Purinergic signaling is involved in cancer cell proliferation (Di Virgilio and Adinolfi, 2017), and both P2 (Di Virgilio et al., 2018) and P1 (Allard D. et al., 2017) receptors as well as CD39 and CD73 enzymes (Allard B. et al., 2017) could be new targets in cancer. The role of adenosine signaling in cancer is still under debate although it is well accepted that adenosine can promote cancer cell proliferation in several tumors through its receptors (Ohta, 2016; Kazemi et al., 2018). It is reported that adenosine A2B receptors (Sepulveda et al., 2016) and CD73 (Zhang, 2012) are overexpressed in many cancer types. Moreover, adenosine has been found at higher levels in the tumor microenvironment when compared with normal tissue (Ohta et al., 2006) even at a range of 50–100 μM (Vaupel and Mayer, 2016). This tumor-derived adenosine seems to promote cancer cell growth in a receptor-dependent manner as reviewed elsewhere (Ohta, 2016), but it also facilitates immune escape by activating A2A receptors in T cells (Ohta et al., 2006), suggesting a protumor effect of adenosine. However, other authors report a cytotoxic action of adenosine in human cervical cancer cells (Mello Pde et al., 2014), indicating that adenosine might exert a differential action depending on the type of cancer. This cytotoxic effect was also observed in our study when C6 cells were treated with 100 μM adenosine for 24 h. In contrast, it is reported that 100 μM adenosine increased cell proliferation by 36% in U138MG glioma cells (Bavaresco et al., 2008), which might indicate that adenosine action depends not only on the type of cancer (e.g., glioma) but also on the cancer cell line.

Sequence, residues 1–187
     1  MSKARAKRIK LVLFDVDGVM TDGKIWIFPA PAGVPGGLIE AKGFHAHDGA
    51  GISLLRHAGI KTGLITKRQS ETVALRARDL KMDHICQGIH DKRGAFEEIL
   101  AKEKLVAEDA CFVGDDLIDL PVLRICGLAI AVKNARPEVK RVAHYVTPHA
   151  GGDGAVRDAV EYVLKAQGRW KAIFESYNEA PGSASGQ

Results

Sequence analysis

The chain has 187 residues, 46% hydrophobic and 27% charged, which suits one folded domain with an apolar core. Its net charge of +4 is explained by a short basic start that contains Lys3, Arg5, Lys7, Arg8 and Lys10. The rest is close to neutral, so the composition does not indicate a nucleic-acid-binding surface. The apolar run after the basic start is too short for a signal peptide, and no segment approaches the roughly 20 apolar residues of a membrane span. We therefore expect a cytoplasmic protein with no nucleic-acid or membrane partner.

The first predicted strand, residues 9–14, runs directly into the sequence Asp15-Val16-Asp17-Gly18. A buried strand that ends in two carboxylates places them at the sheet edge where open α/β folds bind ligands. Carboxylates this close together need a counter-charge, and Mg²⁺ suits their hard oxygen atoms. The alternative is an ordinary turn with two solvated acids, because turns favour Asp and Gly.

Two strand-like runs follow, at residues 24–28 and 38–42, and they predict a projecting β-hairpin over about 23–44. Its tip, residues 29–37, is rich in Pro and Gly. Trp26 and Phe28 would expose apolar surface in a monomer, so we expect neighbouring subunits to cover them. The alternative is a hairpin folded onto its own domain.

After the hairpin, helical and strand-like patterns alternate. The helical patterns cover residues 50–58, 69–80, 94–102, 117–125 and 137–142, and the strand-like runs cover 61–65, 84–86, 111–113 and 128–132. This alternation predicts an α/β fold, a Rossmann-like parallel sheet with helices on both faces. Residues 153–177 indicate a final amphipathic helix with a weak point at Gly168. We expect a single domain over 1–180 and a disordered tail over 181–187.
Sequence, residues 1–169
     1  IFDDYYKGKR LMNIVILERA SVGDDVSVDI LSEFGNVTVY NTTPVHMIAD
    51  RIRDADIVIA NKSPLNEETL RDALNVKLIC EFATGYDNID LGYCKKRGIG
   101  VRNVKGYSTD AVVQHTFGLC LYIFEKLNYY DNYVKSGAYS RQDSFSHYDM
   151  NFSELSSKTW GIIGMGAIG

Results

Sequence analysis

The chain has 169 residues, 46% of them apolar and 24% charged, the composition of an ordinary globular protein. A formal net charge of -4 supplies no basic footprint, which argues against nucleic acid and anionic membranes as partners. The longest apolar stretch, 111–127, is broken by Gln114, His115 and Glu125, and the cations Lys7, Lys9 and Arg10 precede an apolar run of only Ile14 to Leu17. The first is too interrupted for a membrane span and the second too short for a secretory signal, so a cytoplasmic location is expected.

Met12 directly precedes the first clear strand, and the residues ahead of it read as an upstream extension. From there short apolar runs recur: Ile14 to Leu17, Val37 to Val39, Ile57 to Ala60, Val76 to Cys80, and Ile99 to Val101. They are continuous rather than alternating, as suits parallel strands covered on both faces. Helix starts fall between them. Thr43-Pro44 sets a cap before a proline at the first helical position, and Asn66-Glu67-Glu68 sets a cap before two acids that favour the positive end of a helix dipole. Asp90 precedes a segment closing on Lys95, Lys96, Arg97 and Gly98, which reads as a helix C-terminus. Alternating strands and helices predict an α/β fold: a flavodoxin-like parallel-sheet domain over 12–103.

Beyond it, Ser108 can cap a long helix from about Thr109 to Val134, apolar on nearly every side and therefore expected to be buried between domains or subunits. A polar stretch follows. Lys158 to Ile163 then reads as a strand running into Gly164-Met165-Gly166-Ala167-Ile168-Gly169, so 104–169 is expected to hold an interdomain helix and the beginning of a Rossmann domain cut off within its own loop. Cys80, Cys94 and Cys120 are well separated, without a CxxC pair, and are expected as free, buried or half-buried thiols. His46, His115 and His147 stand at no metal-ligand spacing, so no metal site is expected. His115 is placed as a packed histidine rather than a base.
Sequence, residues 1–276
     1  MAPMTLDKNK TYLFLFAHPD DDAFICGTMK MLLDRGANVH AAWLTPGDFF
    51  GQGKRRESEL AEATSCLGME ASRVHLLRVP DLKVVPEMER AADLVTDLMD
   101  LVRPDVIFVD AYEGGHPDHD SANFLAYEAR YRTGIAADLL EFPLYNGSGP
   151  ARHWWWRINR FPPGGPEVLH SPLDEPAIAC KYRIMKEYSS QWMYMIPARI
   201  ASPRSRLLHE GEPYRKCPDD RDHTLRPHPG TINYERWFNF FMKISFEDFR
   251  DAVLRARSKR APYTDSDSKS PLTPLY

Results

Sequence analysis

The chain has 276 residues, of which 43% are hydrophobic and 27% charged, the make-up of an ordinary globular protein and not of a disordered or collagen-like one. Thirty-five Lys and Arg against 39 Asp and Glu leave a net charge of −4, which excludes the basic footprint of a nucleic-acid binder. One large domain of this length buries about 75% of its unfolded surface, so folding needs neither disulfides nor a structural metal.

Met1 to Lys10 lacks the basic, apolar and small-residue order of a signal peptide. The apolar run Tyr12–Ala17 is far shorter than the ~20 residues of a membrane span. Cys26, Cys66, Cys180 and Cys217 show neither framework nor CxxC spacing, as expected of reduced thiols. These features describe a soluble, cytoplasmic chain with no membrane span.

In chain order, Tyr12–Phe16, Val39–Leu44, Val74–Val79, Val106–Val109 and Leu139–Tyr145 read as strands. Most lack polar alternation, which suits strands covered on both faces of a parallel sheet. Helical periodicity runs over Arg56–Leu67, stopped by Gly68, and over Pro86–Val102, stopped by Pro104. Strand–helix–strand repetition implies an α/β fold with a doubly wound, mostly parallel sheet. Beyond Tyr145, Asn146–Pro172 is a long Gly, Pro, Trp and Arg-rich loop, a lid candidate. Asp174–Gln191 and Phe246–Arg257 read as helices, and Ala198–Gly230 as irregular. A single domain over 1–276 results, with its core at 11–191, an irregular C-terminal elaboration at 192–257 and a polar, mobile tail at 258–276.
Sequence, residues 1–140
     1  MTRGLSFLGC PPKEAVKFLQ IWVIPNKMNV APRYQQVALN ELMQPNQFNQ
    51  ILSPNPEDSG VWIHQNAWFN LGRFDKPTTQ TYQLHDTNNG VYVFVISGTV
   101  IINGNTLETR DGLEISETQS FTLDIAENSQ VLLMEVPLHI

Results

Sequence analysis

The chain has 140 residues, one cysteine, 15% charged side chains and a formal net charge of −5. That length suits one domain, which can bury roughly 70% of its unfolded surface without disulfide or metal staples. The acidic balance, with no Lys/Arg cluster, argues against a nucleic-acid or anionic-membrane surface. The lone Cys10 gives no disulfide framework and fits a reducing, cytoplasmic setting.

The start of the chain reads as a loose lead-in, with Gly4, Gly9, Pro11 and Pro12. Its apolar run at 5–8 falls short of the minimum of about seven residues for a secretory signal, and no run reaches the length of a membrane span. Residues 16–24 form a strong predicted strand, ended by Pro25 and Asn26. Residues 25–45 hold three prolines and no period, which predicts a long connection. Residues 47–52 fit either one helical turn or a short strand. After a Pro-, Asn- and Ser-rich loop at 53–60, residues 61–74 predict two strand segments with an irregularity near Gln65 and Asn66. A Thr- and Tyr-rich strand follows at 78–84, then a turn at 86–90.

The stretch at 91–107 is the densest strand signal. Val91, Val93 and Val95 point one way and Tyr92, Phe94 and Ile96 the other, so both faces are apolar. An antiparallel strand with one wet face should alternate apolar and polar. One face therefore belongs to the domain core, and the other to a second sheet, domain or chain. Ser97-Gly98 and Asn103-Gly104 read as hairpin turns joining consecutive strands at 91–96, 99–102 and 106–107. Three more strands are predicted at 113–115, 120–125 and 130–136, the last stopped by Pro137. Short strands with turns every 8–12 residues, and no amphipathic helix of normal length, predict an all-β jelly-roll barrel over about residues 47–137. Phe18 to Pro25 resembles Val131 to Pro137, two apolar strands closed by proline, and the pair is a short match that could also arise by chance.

Despite the well-known antitumor effect of A2A receptor depletion or pharmacologic inhibition by enhancing the antitumor immune response in mice (Ohta et al., 2006), the specific role of adenosine receptors in the tumor itself remains under debate (Gessi et al., 2011; Di Virgilio and Adinolfi, 2017; Borea et al., 2018; Gorain et al., 2019). Adenosine receptors could display an important action on cancer cell growth, invasion, angiogenesis, and even metastasis (Ohta, 2016; Kazemi et al., 2018). Our work reveals that prolonged pharmacologic blockade of A2A receptors with ZM241385 results in a discrete but significant reduction in the cell viability in conjunction with higher caspase-3 activity, suggesting an antiproliferative effect in cancer cells for A2A receptor antagonists. Other authors report similar data in lung adenocarcinoma tumor cells (Mediavilla-Varela et al., 2013). In a previous study, our group discovered that RSV binds and acts as a non-selective adenosine receptor agonist in C6 glioma cells and that acute RSV treatment altered the A2A receptor/Gs-protein coupling, leading to the inhibition of the cAMP generation upon pharmacologic stimulation of the A2A receptor with CGS21680. Moreover, adenylyl cyclase (AC), PKA protein levels, and basal AC activity were significantly increased after 100 μM RSV treatment for 24 h (Sanchez-Melgar et al., 2019). This dramatic alteration of A2A receptor signaling after RSV treatment makes it difficult to analyze the possible contribution of these receptors to the antiproliferative effect of RSV at least by combining RSV with agonists or antagonists for A2A receptors as employed here. Diet supplementation with RSV also caused the desensitization of A2A receptors in the brain from SAMP8 mice (Sanchez-Melgar et al., 2018). These results might support that the alteration of A2A receptor signaling could be involved in the antiproliferative action of RSV. It is reported that elevation of intracellular cAMP levels through either activation of AC or inhibition of PDEs leads to PKA activation and positively correlates with reduced cell proliferation of C6 glioma cells. Interestingly, the elevation of cAMP levels with forskolin induces cell cycle arrest of C6 glioma cells in the G2/M phase. In comparison, inhibition of PDEs not only inhibits cell growth via the cAMP/PKA cascade, but also triggers cell death through caspase-3/-7 activation (Safitri et al., 2020). It is described that anticancer agents, such as RSV, may act by modulating cell cycle–associated proteins, such as cyclins, cyclin-dependent kinase (CDK), and CDK inhibitors (Wolter et al., 2001). CDK inhibitors are shown to be the downstream targets of caspase-3 activation, and loss of these inhibitors can result in the aberrant upregulation of CDKs that have been associated with apoptotic cell death (Jin et al., 2000). Therefore, RSV-induced G1-phase cell cycle arrest could be mediated through the caspase/cyclin-CDK pathways. In agreement, the protein content of the cycle arrest proteins CDK2, CDK4, cyclin D1, PCNA, and P21 is reported to be decreased in a concentration-dependent manner in RSV-treated (100 μM, 24 h) HCT116 and Caco-2 cells compared with control cells (Liu et al., 2014). Moreover, RSV inhibits human U251 glioma cell proliferation and induces G0/G1 growth arrest, and these effects are reduced by the CDK inhibitor olomoucine (Jiang et al., 2005). These RSV effects on cell cycle and viability via caspase-3 activation could be modulated by different adenosine receptors after their activation by binding of adenosine or even RSV. In fact, treatment of C6 glioma cells with 25 μM Cl-IB-MECA reduced Bcl-2 expression and increased caspase-3 activity after 24 h of treatment. This apoptotic effect was observed only with activation of the A3 receptor, whereas activation of the A1 or A2A receptors did not induce significant apoptotic effects (Appel et al., 2001). However, activation of A1 receptors with CPA increased the cell viability and reduced apoptosis, and the antagonist DPCPX significantly induced apoptosis and caspase-3 expression in MCF-7 cells (Dastjerdi et al., 2016).